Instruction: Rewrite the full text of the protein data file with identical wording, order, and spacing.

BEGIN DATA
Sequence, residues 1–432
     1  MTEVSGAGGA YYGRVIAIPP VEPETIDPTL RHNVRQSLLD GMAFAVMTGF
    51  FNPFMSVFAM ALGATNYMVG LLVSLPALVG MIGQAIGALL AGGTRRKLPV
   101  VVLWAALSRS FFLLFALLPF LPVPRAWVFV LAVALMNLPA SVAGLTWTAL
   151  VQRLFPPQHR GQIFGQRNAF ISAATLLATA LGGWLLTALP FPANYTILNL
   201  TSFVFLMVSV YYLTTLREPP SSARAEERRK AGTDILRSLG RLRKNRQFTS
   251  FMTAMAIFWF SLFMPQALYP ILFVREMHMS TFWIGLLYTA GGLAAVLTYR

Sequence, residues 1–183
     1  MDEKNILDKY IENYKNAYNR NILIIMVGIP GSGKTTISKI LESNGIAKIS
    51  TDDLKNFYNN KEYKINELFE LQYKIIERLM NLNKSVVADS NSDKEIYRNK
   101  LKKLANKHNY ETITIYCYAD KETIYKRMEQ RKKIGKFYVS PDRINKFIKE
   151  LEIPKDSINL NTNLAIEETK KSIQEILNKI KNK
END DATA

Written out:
Sequence, residues 1–432
     1  MTEVSGAGGA YYGRVIAIPP VEPETIDPTL RHNVRQSLLD GMAFAVMTGF
    51  FNPFMSVFAM ALGATNYMVG LLVSLPALVG MIGQAIGALL AGGTRRKLPV
   101  VVLWAALSRS FFLLFALLPF LPVPRAWVFV LAVALMNLPA SVAGLTWTAL
   151  VQRLFPPQHR GQIFGQRNAF ISAATLLATA LGGWLLTALP FPANYTILNL
   201  TSFVFLMVSV YYLTTLREPP SSARAEERRK AGTDILRSLG RLRKNRQFTS
   251  FMTAMAIFWF SLFMPQALYP ILFVREMHMS TFWIGLLYTA GGLAAVLTYR

Sequence, residues 1–183
     1  MDEKNILDKY IENYKNAYNR NILIIMVGIP GSGKTTISKI LESNGIAKIS
    51  TDDLKNFYNN KEYKINELFE LQYKIIERLM NLNKSVVADS NSDKEIYRNK
   101  LKKLANKHNY ETITIYCYAD KETIYKRMEQ RKKIGKFYVS PDRINKFIKE
   151  LEIPKDSINL NTNLAIEETK KSIQEILNKI KNK